The Clywedog Trail runs seven miles from Minera lead mines
along the river Clywedog to Nant Mill, Coedpoeth
past the Bersham industrial heritage centre and renovated ironworks
It's a wonderful trail for walkers and has some fantastic industrial heritage sites, including what many argue is the cradle of the industrial revolution in sleepy Bersham. Iron mad John Wilkinson developed world-leading industrial processes at the site, exporting cannon disguised as water pipes to France and paving the way for the rapid expansion of the Wrecsam area as an industrial centre.
But what the above centres - lovingly restored and re-opened to the public in the 1980s and 1990s - have in common are that they are all now closed.
Cutbacks to council budgets have meant that non-statutory services such as leisure and library services (under which these sat) were first to go. That's a matter of great regret because our history and heritage are important. Bersham was the last to close last year - allegedly to save £58,000.
All these sites were restored at great cost through public funding - through the Welsh Office, the WDA, the EU and latterly the Welsh Government. Like so many of these projects, the funding is usually to fund building work rather than running costs and is usually time limited so that such funds run out after three years or so.
Over-optimistic business plans, often run up hurriedly to meet artificial deadlines imposed by the grant providers keen to get rid of funding before year's end, are concocted. These show inflated visitor numbers and spending in the cafe and shop paying for staff and ongoing maintenance. The tight limitations on spending often mean great extravagance on the build when some would have been better kept for running costs.
Another more recent project that springs to mind locally is the "tarting up" of King Street, with nice new lighting and paving. The limitations of the scheme - which cost £1.6 million - are apparent. Half the shops in King Street are now closed and there was no way to spend any of that money on assisting local enterprises to either stay in business or open a new business. The money had to be spent on the paving and lighting.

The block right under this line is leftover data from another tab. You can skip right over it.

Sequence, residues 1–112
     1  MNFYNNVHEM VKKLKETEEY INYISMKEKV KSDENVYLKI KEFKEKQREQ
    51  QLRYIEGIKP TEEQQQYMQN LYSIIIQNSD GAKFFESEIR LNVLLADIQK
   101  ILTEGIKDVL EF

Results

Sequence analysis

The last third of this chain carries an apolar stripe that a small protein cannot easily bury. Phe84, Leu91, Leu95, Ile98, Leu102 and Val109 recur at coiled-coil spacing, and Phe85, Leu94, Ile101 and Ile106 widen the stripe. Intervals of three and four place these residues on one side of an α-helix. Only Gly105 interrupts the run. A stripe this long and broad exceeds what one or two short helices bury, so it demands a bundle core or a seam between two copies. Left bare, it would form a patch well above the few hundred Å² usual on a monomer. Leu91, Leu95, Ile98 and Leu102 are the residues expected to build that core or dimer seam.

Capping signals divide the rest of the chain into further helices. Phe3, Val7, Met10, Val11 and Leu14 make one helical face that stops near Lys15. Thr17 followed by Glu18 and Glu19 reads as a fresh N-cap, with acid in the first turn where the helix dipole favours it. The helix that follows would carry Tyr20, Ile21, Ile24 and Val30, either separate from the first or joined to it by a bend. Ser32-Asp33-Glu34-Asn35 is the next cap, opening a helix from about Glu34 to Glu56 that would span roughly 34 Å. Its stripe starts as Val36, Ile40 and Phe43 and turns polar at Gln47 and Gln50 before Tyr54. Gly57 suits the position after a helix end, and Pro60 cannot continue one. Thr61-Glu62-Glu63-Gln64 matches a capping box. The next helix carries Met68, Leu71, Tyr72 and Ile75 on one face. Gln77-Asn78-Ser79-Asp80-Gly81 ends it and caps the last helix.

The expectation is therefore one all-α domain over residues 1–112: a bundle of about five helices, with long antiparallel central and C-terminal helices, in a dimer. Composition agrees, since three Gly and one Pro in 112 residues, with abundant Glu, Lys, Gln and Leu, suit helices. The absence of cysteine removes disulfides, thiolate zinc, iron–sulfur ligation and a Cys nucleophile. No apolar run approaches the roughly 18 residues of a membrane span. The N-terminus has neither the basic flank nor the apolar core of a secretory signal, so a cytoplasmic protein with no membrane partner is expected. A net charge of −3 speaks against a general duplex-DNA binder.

By most measures, this is a waste of money and merely reinforces the view that "the Council" and/or "the Government" hasn't got a clue when it comes to spending public money. And while there's always a need to ensure that public money is spent wisely and within strict perameters, these artificial pots of money create a race among "grant chasers". This is a curious body of people that exists in councils, universities and many voluntary/charitable groups. They scurry from pot to pot trying to justify their particular projects within those strict perameters, hoping to squirrel it away.
Unfortunately there is little thought beyond the moment of attaining the prize. There is little thought of what will be the fate of King Street in five or 10 years' time because the caravan has moved on and there's another pot of money to exploited. Among them will be the Vibrant and Viable Places to rejuvenate Wrecsam town centre. At first sight, it's encouraging to see a large slice of money coming to the town - £10.5m of public money to be boosted by private finance to £25m. However the money is to be spent partly on providing new housing. The remainder will go on developing the arts sector and creating new businesses.
It remains to be seen how that pans out - Wrecsam has a lively creative arts industry that needs a focus and help. Entertainment in its broadest sense is the way forward for the town centre as it seeks to reinvent itself in this online/out-of-town shopping era.
But is there anyone thinking beyond the next grant pot and how Wrecsam will look in 10 or 20 years' time? Or will we see more Minera Lead Mines, Nant Mills, Bershams and Kings Mills?
* Bersham is particularly close to my heart as I worked there on a glorified YTS scheme (MSC) back in the mid 80s.